Saturday, November 24, 2012

turkey pot pie


Sweet potato casserole. Green bean casserole. Corn casserole. Homemade rolls. Cornbread dressing. And yes, turkey. The memory of Thanksgiving dinner is still vibrant in my mind - all the more so thanks to the fact that I had to work a 12 hour shift at the hospital on Turkey Day, which meant my family had to postpone the celebration until Black Friday. But oh my, was it worth the wait!

And so today we were left with the timeless question of what to do with all that leftover turkey. If truth be told, I'm not generally a huge fan of Thanksgiving turkey - I'd choose Christmas ham any day of the week. But good golly Miss Molly do I get excited about those inevitable turkey leftovers. Why?? Because I love pot pie. As in I consider it one of my all-time favorite comfort foods and would be strongly tempted to choose it for a last meal if forced to do so. Ahhhh it puts me in a thankful mood all over again - especially considering the fact that this dish, in full disclosure, was actually make by my loving mother, for me, as a special birthday dinner. ;-)

Clearly this dish can just as easily be made with chicken, which is the more common version. But I urge you, friends, to live on the wild side and use those turkey remnants as an excuse to enjoy every bite of the goodness that is flaky, buttery crust and savory, creamy poultry and veggies.

Turkey Pot Pie
Yield 6 servings

Savory pie dough topping:

1 1/2 cups unbleached all-purpose flour
1/2 teaspoon salt
12 tablespoons (1 1/2 sticks) cold unsalted butter, cut into 1/4-inch pieces
3-4 tablespoons ice water

Filling:

1 1/2 pounds pre-cooked turkey breasts and/or thighs, shred into bite-size pieces.
2 cups low-sodium chicken broth
1 1/2 tablespoons extra virgin olive oil
1 medium-large onion, finely chopped
3 medium carrots, peeled and cut crosswise into 1/4-inch thick slices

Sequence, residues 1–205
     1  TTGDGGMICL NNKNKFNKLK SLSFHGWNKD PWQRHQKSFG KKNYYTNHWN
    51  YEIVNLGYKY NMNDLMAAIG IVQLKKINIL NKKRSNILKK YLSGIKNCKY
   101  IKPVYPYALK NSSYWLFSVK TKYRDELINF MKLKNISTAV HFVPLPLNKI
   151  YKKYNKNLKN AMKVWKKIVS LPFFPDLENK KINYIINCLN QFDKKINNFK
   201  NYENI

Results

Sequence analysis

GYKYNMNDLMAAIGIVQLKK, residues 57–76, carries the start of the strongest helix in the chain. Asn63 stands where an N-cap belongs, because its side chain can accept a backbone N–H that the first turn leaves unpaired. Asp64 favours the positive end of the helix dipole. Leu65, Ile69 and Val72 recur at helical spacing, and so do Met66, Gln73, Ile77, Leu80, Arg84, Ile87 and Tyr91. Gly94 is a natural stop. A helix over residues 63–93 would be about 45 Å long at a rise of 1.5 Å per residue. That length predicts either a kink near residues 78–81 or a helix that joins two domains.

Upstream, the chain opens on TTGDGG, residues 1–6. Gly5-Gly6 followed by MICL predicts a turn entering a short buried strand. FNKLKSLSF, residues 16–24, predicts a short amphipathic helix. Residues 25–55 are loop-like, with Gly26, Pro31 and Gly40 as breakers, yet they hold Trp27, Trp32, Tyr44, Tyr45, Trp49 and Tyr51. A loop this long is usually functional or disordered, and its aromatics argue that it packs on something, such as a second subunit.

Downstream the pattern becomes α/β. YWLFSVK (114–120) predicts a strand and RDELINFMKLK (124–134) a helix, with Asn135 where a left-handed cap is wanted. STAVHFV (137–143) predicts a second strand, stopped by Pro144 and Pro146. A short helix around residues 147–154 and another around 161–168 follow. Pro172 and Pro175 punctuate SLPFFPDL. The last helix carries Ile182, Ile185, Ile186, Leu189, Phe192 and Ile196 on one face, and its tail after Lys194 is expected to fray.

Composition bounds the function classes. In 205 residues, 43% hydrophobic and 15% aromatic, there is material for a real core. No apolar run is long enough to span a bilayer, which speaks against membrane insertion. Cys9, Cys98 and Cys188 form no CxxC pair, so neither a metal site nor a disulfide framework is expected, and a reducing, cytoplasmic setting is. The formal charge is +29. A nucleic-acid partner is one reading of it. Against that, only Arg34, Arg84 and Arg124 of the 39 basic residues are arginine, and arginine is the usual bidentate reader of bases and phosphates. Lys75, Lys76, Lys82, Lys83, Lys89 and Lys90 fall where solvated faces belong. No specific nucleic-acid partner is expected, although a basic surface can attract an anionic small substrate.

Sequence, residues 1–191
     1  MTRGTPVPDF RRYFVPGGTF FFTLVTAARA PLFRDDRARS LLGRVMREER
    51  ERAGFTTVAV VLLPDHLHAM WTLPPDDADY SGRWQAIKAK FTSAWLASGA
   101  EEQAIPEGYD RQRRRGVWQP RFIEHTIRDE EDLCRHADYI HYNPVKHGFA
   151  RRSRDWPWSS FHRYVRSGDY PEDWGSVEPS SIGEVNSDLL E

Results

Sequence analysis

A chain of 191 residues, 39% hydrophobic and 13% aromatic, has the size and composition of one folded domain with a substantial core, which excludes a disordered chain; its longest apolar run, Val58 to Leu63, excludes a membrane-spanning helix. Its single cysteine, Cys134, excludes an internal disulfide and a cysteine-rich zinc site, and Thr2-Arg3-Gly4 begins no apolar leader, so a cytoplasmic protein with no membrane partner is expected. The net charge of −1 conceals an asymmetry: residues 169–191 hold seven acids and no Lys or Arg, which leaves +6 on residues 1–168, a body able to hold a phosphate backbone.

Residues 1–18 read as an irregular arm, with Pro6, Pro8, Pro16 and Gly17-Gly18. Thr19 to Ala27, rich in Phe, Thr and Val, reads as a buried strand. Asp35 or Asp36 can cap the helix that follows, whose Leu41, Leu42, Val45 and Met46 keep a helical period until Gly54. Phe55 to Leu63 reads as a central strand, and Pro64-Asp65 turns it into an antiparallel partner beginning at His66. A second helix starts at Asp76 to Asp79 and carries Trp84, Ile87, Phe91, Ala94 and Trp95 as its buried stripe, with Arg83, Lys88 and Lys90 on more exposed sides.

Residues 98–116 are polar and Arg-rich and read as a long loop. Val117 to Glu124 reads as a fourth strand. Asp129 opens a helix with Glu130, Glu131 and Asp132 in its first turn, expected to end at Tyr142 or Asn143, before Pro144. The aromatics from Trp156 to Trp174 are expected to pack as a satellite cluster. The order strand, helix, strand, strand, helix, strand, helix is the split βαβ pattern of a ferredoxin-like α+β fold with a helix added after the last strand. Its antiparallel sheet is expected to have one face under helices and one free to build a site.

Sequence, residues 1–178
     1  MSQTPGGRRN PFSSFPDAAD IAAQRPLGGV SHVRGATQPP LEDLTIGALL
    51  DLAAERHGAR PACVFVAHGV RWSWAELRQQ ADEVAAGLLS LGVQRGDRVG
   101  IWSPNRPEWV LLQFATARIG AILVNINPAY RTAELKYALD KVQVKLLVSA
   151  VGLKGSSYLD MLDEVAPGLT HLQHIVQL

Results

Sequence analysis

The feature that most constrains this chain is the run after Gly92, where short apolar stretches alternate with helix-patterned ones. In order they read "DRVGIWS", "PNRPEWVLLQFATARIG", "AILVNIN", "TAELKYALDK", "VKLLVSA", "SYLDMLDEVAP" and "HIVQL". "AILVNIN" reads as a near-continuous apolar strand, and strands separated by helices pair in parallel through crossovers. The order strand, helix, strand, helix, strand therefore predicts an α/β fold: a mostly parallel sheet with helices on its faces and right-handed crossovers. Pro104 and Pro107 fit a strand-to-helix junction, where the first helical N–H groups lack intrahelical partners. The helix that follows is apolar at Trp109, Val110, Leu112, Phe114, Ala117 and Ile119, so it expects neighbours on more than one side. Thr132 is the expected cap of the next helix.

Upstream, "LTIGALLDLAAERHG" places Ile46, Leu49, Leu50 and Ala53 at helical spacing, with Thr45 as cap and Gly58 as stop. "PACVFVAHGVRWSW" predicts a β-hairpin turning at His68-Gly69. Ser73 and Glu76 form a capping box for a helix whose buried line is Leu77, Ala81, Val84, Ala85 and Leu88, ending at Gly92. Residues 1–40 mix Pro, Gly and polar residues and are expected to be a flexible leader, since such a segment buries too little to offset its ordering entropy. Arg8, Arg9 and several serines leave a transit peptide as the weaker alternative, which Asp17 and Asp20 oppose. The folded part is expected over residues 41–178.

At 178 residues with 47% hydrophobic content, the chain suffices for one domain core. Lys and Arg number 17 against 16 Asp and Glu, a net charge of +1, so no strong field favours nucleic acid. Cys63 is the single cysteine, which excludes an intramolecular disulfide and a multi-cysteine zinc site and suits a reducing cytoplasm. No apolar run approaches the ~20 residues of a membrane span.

2 small celery ribs, cut crosswise into 1/4-inch thick slices
salt and ground pepper
4 tablespoons (1/2 stick) unsalted butter
1/2 cup unbleached all-purpose flour
1 1/2 cups milk
1/2 teaspoon fresh thyme
3 tablespoons dry white wine
3/4 cup frozen peas, thawed
3 tablespoons minced fresh parsley leaves

for the topping:

Mix the flour and salt in a food processor. Scatter the butter pieces over the mixture and pulse in 1-second bursts until the flour is pale yellow and resembles coarse cornmeal, with butter bits no larger than small peas. Turn the mixture into a medium bowl.

Sprinkle 3 tablespoons of the ice water over the mixture. With a rubber spatula, use a folding motion to mix the water in. Press down on the dough mixture with the broad side of the spatula until the dough sticks together, adding up to 1 tablespoon more ice water if the dough will not come together. Shape the dough into a ball, then flatten it into a 4-inch wide disk. Wrap in plastic wrap and refrigerate 30 minutes or up to 2 days before rolling.

for the filling:

Preheat the oven to 400°.

In a Dutch oven set over medium-high heat, heat the oil. Add the onion, carrots, and celery and saute until just tender, about 5 minutes. Season with salt and pepper to taste. Transfer the cooked vegetables to a bowl. Add the turkey, and set aside.

Heat the butter over medium heat in the now-empty pan. When the foaming subsides, add the flour and cook for 1 minute. Whisk in the chicken broth, milk, and thyme. Bring to a simmer, then continue to simmer until the sauce fully thickens, about 1 minute. Season with salt and pepper to taste and stir in the wine.

Pour the sauce over the chicken mixture and stir to combine. Stir in the peas and parsley. Adjust the seasonings. (The mixture can be covered and refrigerated overnight; reheat before topping with the pastry.)

Pour the mixture into a 9x13-inch baking pan.

Roll the dough on a floured surface into a rectangle approximately 11x15 inches and 1/8 inch thick. Place the dough over the filling, trimming the dough that overhangs to within 1/2 inch of the pan lip. Tuck the overhanging dough back under itself so the folded edge is flush with the pan lip. Flute the edges all around. Cut at least four 1-inch vent holes in the crust.

Bake until the pastry is golden brown and the filling is bubbling, about 30 minutes. Serve hot.

Adapted from The New Best Recipe

11 comments:

  1. I specifically bought a turkey after Thanksgiving thinking I would do a pot pie - which, for some strange reason, I have never made before.
    So this recipe will come in very handy! Thanks!
    Glad you all had a good time together. And happy belated birthday!! :o)

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  2. Yum! Sounds so good ... Leanna and Ashleigh, let me know when you are serving your pies, I'll be right over on the next plane! :) I wish ...

    Ashleigh, can you share your recipes for sweet potato casserole, green bean casserole and corn casserole please? :) I made the first two this year, but wasn't impressed with the results. I'd love to try yours and then I want to file away the recipes I use for Thanksgiving and that I like so I don't have to scramble around and find something...

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